A Guide to Gen-Z Fashion Aesthetics

From Cottagecore to Y2K, it’s time to dive deeper into some of Gen-Z’s fashion choices. Spanning from both in-person clothing and metaverse digital purchases, these aesthetics can help provide needed insights into the Zoomer aesthetic and mindset. With a keen eye for sustainable products and a love of fads from earlier eras, the Gen-Z aesthetic is both familiar and unique.

Why does this matter? Gen-Z is now the largest generation in the world. And these aesthetics, covering fashion, music, design, and more are definitely trending. In fact, each of the main gen-Z aesthetics surpassed five million annual views on YouTube by 2021, accounting for over a billion views total. And those aesthetics help determine where Gen-Z is spending. Especially on wear. According to Piper Sandler, Gen-Z spent $350 Billion on clothing in 2021, making up 22% of their total budget.

But it’s not just about throwbacks. To truly get Gen-Z aesthetics, you need to dive into some “core” ideals.

Cottagecore – really old is really in

When Covid first swept the world two years ago, people began fleeing the cities. People were stuck on their own, baking their own bread, in a rustic mindset that seemed a hundred years old. Oh, and don’t forget the costume dramas like Bridgerton and Outlander blowing up the streaming services at the same time. A new aesthetic of clothing started to emerge, tying these ideals together.

Cottagecore, at its heart, is rooted in a desire for a simpler, more sustainable life. It often hearkens back to pastoral England, especially in terms of romantic nostalgia. Think Bridgerton, Jane Austen, and the Brontes. This extends beyond clothing to garden design, house decor, architecture, and even metaverse purchases. In fact, The Hustle predicts Cottagecore as the single biggest design trend of 2022. This is in large part due to influencers spreading the ideals on YouTube and TikTok. 44% of Gen-Z specifically cite influencers as a reason behind their purchases.

Royalcore – Who Doesn’t Want to be a Princess?

While Cottagecore remains a popular trend, including among people of color, it’s spurred countless similar niche aesthetics. One of the closest and newest trends is Cabincore, which is simplicity meets heavy flannel. Or Carnivalcore, because who doesn’t need a disco ball in their cottage? Yet the largest spinoff by far is Royalcore, which hearkens back to English romances in a similar way to Cottagecore, but focuses on the royalty.

In some ways it is the aesthetic opposite of cottagecore. While Cottagecore embraced simplicity, particularly as the pandemic struck, Royalcore celebrates the pandemic’s seeming decline by embracing opulence.  Popular both as a home choice and for fashion (After watching The Crown, don’t you want your home to look like the Queen’s?), this involves sweeping dresses, lavish jewelry, and more.

A specific subset of Royalcore is Princesscore. Combining the success of Bridgerton with fans of Disney, this aesthetic is a growing trend on social media.From puffy dresses to elegance, princesscore is a way of life for some. Emily McCormick went from unemployed and virtually invisible to become a TikTok influencer with over 1.6 million followers by tapping into Princesscore. That’s big when 44% of Gen-Z relies on influencers.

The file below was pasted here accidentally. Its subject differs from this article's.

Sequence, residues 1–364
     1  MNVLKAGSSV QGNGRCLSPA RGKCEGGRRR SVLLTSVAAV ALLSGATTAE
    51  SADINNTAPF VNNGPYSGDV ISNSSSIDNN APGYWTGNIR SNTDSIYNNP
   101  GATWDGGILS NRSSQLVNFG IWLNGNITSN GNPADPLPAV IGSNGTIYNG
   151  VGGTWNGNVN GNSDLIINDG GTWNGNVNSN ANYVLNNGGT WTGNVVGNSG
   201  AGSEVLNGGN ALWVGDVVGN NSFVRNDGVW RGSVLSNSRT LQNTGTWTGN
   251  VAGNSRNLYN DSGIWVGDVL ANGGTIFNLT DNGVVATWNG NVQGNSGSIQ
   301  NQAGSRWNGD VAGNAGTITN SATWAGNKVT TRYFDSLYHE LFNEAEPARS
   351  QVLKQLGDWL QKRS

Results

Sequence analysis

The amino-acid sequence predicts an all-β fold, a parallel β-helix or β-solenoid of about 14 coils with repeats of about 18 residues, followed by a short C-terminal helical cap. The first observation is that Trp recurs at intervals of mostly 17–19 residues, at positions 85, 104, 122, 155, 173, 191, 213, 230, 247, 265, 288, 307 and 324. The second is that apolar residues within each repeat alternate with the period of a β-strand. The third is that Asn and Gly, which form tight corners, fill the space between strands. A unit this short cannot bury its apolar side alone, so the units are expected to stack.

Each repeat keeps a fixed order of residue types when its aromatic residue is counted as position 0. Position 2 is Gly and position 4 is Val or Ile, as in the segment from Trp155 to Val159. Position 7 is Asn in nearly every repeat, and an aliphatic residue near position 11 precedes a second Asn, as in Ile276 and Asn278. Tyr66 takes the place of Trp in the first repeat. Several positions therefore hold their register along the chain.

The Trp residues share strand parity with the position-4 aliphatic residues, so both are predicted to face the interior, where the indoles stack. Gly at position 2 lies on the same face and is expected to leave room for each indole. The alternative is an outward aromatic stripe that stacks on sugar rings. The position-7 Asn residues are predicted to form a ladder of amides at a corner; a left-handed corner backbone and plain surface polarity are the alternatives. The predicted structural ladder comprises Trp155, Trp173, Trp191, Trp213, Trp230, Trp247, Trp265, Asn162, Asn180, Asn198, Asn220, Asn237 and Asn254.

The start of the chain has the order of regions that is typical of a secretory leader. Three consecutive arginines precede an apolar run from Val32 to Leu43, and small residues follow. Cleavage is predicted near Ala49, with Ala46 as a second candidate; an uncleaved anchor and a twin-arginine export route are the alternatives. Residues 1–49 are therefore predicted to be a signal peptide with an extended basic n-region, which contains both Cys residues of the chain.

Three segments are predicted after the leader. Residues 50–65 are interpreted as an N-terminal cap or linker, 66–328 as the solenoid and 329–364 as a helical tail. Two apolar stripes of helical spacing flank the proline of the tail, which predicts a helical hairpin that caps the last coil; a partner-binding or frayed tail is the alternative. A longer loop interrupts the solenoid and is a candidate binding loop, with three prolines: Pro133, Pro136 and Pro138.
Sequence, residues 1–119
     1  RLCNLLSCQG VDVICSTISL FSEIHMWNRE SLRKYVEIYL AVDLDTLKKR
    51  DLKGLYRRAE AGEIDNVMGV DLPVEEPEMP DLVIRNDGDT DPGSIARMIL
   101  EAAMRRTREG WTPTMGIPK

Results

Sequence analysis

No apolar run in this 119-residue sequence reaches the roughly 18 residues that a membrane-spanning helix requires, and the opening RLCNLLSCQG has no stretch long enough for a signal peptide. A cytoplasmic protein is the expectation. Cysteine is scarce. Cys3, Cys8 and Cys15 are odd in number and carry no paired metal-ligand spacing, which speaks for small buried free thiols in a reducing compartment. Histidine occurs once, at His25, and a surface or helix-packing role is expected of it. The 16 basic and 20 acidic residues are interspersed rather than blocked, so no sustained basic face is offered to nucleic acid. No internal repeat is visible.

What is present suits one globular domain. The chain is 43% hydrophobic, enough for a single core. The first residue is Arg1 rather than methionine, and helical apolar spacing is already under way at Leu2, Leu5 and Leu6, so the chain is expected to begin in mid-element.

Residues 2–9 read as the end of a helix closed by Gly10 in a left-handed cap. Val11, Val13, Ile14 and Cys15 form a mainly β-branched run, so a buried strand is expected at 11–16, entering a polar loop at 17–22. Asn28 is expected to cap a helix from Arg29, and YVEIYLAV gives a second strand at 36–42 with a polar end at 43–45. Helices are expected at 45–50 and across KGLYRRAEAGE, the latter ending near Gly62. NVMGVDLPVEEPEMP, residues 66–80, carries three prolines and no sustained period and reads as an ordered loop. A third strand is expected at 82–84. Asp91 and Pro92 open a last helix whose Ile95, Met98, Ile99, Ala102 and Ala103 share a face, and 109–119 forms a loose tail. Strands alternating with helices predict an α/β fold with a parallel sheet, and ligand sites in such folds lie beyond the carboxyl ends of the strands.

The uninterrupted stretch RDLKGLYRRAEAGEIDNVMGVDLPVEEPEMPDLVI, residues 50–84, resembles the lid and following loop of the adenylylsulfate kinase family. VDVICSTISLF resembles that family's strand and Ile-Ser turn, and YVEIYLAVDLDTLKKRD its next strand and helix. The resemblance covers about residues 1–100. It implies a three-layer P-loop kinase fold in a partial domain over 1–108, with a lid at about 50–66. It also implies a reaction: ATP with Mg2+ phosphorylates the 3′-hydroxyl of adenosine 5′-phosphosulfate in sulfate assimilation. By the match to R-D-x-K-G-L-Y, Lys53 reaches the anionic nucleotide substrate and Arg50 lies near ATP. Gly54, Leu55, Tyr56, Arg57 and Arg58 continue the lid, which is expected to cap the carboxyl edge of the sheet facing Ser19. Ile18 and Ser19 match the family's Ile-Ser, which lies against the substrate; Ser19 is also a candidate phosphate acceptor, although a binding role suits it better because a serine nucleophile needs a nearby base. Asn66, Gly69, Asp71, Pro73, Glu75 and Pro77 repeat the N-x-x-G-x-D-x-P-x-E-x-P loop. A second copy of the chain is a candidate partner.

Dark Academia – Brood about School

It isn’t all cottagecore and similar trends. In fact, in 2021 a new aesthetic started to dominate TikTok, Instagram and other social media accounts: Dark Academia. When schools began to close in the early pandemic, this aesthetic took off, providing a new refuge for all things scholarly. The aesthetic is based on gothic styles especially found at Oxford and Cambridge, and is associated with dark colors, uniforms, and secrets.

Think Harry Potter meets Umbrella Academy. While cottagecore’s palette of colors is often light, and royalcore’s colors are bold or bright, Dark Academia is dark. Browns, tans, deep violets, and blacks. The brooding acadmeic, the tortured souls…the YA hearthrobs.

And, like other trends, this aesthetic is scoring millions of views on social media, especially among Gen-Z. Why? With the pandemic, Gen-Z students in high school and college were forced out of classroom, and the term “Zoomer,” once interchangeable for Gen-Z, took on a new, darker meaning. At the same time, in America, student loans were paused and American students began noticing the burden of student debt. These debts are drastically different in this country than most, and canceling student loans became an active part of political debate. Enter, Dark Academia – an aesthetic of virtual schooling, that remains popular, with Seventeen magazine outlining the top ten Dark Academia outfits for 2022. Many Zoomers long for an idealized version of school, one they can afford and that never ends. In direct answer to dark academia’s brooding vibe, the light academia aesthetic offers a similar focus on schools but with lighter colors and a more hopeful tone.

Y2K – It’s Back

It’s no secret that many Gen-Z aesthetics are throwbacks, and with a pandemic, a racial reckoning, climate change, political unrest, and a massive land war in Europe that may or may not spurn a new cold war or world war- well, let’s just say anxiety is in. And the era Gen-Z hearkens to is one fraught with its own worries: Y2K. The Matrix is back – no, not the lame new movie: the shiny clothes, the bare midriffs, and the bizarre. Vogue credits celebrities including Dua Lipa and Lizzo for helping spur the Y2K revival, alongside social media influencers on TikTok and Instagram.

Yet despite the obvious ties to anxiety, some credit Y2K’s appeal to its inadvertent optimism. Jessica Beresford of the Financial Times claims these aesthetics work at “embracing the same kind of optimism that came with the turn of a new decade.” After all, the big Y2K scare ended up being nothing. Perhaps Gen-Z looks forward to moving past the fear, towards the hope.